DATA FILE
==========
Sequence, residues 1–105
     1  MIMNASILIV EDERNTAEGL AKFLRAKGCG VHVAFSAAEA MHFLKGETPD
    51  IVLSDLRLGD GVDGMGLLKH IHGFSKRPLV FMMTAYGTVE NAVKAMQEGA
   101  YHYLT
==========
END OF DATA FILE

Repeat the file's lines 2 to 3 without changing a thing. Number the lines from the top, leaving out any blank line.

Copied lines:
     1  MIMNASILIV EDERNTAEGL AKFLRAKGCG VHVAFSAAEA MHFLKGETPD
    51  IVLSDLRLGD GVDGMGLLKH IHGFSKRPLV FMMTAYGTVE NAVKAMQEGA